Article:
Art School Confidential 
Speaking of Ghost World, director Terry Zwigoff's latest - Art School Confidential - continues some of the same themes and ideas Ghost World setup back in its day, with a funny and satirical look at college, modern art and the state of today's media. The film follows talented young painter Jerome, as he enrolls in art school with the sole aim of becoming the next big thing, only to find early attempts to stand out amidst his class full of artistic misfits trying. His impeccably detailed renderings are regularly cast away by teacher John Malcovic in favour of the silly scribblings and baby-like car drawings of his peers to much amusement, with Jerome shortly hitting rock bottom and succumbing to increasing surges of darkness in order to get ahead. Zwigoff clearly revels in mocking modern art in its many forms, and does so deftly via a funny, and amusing opening, but sadly the film's latter, sinister and more brutal side - the simultaneous story of a serial killer murdering people around campus - is far less convincing. How the two plot strands ultimately meld is mildly crazy and beyond the suspension of disbelief, and thus leaves Art School going out with a bit of an eye-roll in its final half. A shame, given its setup.
Aliens Vs Predator: Requiem 
|Despite a way better cast, more gore, and a ramped-up rating...AvP2 is oddly worse than the last one. Weird|
I was one of the few who actually dug the first AvP. It wasn't high art, but had some sweet action, plenty of cool fight scenes, and took me back to my childhood for two odd hours. That film's biggest prob was its lack of gore though, a trait pleasingly sidestepped in its sequel here thanks to a heavily beefed-up rating. AvP2 if choc-full of the stuff, you see; human heads exploding in gibs of brain, Predator shurikens impaling chicks against walls left right and center, and good old Alien acid blood singing dudes' skin right down to their very skull like poor old Drake back in the day. So far, so good then. The sad part is, if you've seen the redband trailer here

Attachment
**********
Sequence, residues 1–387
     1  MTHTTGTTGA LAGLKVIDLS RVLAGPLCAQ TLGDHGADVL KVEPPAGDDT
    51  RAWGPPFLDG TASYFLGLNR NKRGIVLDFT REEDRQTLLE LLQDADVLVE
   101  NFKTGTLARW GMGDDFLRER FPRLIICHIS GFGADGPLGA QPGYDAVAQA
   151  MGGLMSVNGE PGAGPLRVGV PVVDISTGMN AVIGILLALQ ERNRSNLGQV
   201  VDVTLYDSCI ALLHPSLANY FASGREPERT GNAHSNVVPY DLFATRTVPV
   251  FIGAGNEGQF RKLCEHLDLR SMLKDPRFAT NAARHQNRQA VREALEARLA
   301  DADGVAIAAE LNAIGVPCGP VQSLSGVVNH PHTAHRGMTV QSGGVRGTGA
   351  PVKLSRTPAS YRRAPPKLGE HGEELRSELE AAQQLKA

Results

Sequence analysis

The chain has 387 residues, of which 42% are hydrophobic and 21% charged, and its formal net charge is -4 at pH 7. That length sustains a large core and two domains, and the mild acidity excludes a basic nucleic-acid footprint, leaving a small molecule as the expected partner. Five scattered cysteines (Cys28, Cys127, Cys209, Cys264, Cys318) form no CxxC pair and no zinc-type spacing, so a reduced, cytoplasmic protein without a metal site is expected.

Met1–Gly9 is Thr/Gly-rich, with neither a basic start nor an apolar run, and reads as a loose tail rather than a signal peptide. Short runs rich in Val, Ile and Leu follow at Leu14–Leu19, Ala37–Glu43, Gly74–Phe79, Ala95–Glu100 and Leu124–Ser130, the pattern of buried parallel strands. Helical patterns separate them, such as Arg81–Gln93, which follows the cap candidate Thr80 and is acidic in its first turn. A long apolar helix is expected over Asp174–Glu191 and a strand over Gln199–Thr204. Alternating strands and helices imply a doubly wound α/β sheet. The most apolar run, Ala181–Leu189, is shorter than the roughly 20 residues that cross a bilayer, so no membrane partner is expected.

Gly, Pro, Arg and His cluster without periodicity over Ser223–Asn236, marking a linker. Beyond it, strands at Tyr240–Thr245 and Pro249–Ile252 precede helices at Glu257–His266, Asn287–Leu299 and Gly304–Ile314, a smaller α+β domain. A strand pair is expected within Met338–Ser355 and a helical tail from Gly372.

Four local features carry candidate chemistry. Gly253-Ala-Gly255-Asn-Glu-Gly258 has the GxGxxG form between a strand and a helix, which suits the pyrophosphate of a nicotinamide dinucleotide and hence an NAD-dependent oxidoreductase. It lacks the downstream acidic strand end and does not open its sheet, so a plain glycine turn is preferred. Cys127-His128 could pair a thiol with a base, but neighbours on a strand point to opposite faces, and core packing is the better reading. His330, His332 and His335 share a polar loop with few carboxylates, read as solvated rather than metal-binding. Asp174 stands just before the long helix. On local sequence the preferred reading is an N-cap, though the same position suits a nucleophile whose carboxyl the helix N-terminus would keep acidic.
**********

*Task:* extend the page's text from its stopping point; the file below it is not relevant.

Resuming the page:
, you know all this already. In fact, every single
kill and set-piece from the entire freakin' film is contained within. Looks pretty good, huh? Well, those bits are. Sadly the remaining 88 minutes ain't. AvP2 comes across more like a teen slasher flick, than the latest addition to some of cinemas most celebrated sci-fi franchises, while Rescue Me's Steven Pasquale and 24's Reiko Aylesworth might as well be wearing Predator's patented cloaking device given how invisible they both come off in the leads roles. My advice? Watch that trailer a couple times on a loop instead. You'll benefit from all of AvP2's best shots, and save an hour and a half of your life in the process.